Note: The title of this post refers to an American advertising campaign for beef. I’m no fan of the American beef industry but the slogan fits the post.
I recently had coffee in Rosebank (a shopping district just north of Melville) with my blogger friend Jane. After coffee we popped into The Grillhouse — one of the most popular steakhouses in Joburg — to say hello to Jane’s friend David, the Grillhouse’s operations manager.
David asked me if I’d ever dined at the Grillhouse. “I’m too poor to eat steak,” I told him. “The closest I’ve come since I moved to Joburg is a hamburger at Spur.”
“If you can afford to eat at Spur, you can afford to eat here,” David said.
I told David I had recently written a blog post about Spur. We agreed this was a golden opportunity for a head-to-head comparison: The Grillhouse vs. Spur.
A cigar-store Indian guards the entrance to Katzy’s, a nightclub next to the Grillhouse that is under the same ownership. Turns out the Grillhouse’s similarity to Spur pretty much ends with the Indian.
I’m not a frequent steak-eater. But my birthday was approaching. What better way to celebrate my first South African birthday than with an enormous hunk of South African meat?
Joe and I arrived at the Grillhouse, famished, at 8:30 last Friday evening. (Friday birthdays are the best. I love celebrating in a crowded restaurant.)
We sat down and perused the menu. David is right: Grillhouse prices are similar to Spur’s. A 200-gram sirloin is R87 (about $12) at the Grillhouse; the same size sirloin is R80 at Spur (about $1 cheaper). A 200-gram fillet is R107 (about $15) at the Grillhouse; R95 (about $13.50) at Spur. The cheeseburger I ate at Spur cost R56 ($8). Grillhouse’s burger costs R55.
There are a few special items on the Grillhouse menu that are quite a bit more expensive than anything available at Spur. But let’s be frank: Considering the quality gap between these two restaurants, the fact that their prices fall into a remotely similar range is remarkable.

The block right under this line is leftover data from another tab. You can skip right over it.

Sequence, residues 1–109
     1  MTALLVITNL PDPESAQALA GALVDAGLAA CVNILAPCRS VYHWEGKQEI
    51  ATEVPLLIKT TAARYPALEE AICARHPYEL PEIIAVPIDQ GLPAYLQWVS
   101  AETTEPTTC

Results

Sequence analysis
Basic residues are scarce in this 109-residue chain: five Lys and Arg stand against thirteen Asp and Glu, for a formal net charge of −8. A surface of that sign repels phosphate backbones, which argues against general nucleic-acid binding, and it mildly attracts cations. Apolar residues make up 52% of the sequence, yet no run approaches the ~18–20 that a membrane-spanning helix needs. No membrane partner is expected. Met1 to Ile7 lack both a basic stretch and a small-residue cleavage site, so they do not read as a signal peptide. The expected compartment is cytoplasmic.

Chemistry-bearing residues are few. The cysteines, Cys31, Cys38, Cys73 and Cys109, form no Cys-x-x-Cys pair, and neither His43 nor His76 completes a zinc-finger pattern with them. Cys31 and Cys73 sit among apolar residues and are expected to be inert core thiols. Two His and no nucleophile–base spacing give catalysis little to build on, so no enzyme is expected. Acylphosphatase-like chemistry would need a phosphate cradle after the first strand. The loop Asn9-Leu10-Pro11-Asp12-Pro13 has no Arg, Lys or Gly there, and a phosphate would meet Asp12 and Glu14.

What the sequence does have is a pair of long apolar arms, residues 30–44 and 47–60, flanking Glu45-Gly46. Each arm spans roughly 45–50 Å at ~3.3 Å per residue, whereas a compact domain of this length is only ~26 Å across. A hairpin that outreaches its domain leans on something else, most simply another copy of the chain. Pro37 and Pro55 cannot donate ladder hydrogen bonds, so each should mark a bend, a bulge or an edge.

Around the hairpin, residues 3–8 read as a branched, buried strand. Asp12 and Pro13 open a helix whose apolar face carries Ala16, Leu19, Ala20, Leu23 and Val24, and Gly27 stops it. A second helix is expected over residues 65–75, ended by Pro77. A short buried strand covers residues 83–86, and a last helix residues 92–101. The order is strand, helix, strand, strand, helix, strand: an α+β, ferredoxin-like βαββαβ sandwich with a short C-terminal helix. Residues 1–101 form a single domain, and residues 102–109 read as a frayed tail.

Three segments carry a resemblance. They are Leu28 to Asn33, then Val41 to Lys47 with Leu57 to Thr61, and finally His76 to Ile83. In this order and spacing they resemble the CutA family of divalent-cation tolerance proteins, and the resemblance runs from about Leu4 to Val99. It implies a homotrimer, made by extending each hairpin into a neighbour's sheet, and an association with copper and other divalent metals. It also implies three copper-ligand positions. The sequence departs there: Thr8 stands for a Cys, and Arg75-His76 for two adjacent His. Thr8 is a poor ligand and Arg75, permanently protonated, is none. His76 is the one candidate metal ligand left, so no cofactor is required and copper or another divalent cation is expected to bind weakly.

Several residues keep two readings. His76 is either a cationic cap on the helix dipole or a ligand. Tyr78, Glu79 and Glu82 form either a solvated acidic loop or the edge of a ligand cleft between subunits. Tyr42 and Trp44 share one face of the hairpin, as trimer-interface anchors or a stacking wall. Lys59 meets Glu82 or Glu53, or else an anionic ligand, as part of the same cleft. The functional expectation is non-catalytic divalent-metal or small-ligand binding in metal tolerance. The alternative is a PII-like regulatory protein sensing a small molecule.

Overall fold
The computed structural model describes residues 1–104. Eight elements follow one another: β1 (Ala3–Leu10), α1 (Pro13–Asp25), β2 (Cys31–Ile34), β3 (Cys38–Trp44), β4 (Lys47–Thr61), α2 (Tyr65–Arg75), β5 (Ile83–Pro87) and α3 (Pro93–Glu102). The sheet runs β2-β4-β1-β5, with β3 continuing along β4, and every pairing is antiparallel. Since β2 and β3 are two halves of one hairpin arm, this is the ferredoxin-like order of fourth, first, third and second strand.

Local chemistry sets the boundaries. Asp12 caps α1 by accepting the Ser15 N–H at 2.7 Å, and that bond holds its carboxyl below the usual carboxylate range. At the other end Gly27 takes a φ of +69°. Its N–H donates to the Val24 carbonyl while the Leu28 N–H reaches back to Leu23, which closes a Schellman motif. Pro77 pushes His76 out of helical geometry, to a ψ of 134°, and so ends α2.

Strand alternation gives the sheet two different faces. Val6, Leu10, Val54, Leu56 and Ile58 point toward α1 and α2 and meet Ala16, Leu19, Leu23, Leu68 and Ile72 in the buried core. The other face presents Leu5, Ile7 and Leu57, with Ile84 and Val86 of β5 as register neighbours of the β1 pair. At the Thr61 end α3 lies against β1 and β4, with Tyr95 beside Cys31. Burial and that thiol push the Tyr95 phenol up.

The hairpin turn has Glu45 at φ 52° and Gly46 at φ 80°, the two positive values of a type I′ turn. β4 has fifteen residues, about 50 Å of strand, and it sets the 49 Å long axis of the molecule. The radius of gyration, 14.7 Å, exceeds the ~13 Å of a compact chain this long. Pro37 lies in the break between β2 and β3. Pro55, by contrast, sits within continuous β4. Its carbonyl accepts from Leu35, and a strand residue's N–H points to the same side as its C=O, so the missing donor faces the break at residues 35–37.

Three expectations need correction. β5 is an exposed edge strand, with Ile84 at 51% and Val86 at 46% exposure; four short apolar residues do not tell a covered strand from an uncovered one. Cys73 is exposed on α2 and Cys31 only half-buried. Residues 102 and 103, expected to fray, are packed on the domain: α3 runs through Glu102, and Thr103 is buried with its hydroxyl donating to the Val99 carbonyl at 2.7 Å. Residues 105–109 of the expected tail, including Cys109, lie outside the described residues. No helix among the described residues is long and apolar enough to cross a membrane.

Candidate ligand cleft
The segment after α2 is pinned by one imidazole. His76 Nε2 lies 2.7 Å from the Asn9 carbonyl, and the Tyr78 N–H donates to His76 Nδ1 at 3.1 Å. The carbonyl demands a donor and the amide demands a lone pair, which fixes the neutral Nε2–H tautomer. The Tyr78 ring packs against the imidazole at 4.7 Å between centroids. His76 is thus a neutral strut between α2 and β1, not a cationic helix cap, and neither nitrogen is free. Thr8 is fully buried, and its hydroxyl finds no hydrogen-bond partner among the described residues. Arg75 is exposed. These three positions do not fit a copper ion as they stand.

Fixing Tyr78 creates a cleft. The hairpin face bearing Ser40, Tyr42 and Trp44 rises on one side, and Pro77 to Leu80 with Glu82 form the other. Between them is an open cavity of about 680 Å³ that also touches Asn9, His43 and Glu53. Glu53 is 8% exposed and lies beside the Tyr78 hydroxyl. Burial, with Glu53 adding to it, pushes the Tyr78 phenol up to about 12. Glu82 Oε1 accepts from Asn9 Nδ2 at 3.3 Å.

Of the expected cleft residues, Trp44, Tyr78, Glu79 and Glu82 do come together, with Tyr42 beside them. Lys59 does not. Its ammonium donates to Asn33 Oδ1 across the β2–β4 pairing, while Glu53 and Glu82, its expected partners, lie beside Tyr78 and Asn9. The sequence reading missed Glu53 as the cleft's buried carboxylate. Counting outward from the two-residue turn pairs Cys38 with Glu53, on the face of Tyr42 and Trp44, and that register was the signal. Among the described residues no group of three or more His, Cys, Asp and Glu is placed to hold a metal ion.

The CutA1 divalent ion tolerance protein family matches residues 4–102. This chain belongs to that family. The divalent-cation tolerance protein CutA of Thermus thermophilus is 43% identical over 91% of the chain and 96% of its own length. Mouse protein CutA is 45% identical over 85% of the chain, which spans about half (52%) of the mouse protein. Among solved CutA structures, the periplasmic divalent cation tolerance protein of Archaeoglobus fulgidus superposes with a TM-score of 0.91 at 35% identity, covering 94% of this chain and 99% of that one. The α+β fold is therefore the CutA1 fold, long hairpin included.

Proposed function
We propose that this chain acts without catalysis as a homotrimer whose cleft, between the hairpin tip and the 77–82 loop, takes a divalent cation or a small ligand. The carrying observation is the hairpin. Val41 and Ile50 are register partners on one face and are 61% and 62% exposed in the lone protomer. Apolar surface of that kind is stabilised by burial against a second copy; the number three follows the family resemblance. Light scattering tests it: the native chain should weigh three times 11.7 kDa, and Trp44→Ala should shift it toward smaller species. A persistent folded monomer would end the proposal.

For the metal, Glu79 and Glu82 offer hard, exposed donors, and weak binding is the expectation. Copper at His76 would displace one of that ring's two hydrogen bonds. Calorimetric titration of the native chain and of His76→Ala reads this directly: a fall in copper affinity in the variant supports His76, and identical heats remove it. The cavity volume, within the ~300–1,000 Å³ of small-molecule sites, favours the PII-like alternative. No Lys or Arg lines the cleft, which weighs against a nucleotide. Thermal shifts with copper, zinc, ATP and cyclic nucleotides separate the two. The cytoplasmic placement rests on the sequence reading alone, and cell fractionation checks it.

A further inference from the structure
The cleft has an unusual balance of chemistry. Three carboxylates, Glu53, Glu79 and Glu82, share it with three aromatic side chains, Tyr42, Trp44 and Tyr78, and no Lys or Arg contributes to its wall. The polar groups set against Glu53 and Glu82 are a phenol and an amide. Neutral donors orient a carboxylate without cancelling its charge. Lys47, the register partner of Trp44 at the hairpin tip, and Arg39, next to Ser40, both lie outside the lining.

We took the advice of Mendie, our waiter, and ordered the house specialties: I chose the fillet-on-the-bone (R180, or about $26), and Joe had the prime rib (R165, or about $24).
Our meals arrived promptly. I was so excited to chow that I didn’t properly photograph the plates. (I was also a bit tipsy. Unlike many Joburg restaurants, the Grillhouse sells good, affordable wine by the glass.)
The steaks were accompanied by a “mustard tray,” with six different mustards and sauces. The Hot English Mustard was my fave. (Photo courtesy of Joe.)
We dug in. Both steaks were juicy, tender, and tasty. The spice rub on my fillet enhanced the meat to perfection. The mashed potatoes and veggies were great, too — I loved the green beans with spicy atcha.
There were surprisingly few leftovers considering how much we started with.
We were really too full for dessert, but Mendie arranged something special in honor of my birthday. (By the way, Mendie’s service was impeccable. Mendie, I hope you’re reading this. You’re awesome and I’m a little bit in love with you.)
So ended the best 37th birthday dinner I’ve ever had.
Our dinner at the Grillhouse reinforced an observation I’ve made frequently since moving to Joburg: Fine dining is affordable here, while fine food-shopping is not. Dinner for two at a comparable steakhouse in the U.S., like Morton’s or Ruth’s Chris, would cost double or triple what our Grillhouse meal cost. On the other hand, food-shopping at high-end South African supermarkets, like Woolworth’s, is as expensive or more so than comparable places in America. Sometimes it’s actually cheaper to eat out in Joburg than it is to stay home. What gives?
Anyway, thanks to the Grillhouse staff for a fantastic birthday meal. I suppose a true food critic would balance her praise with some kind of criticism. But I honestly can’t come up with anything.
I’ll never eat at Spur again.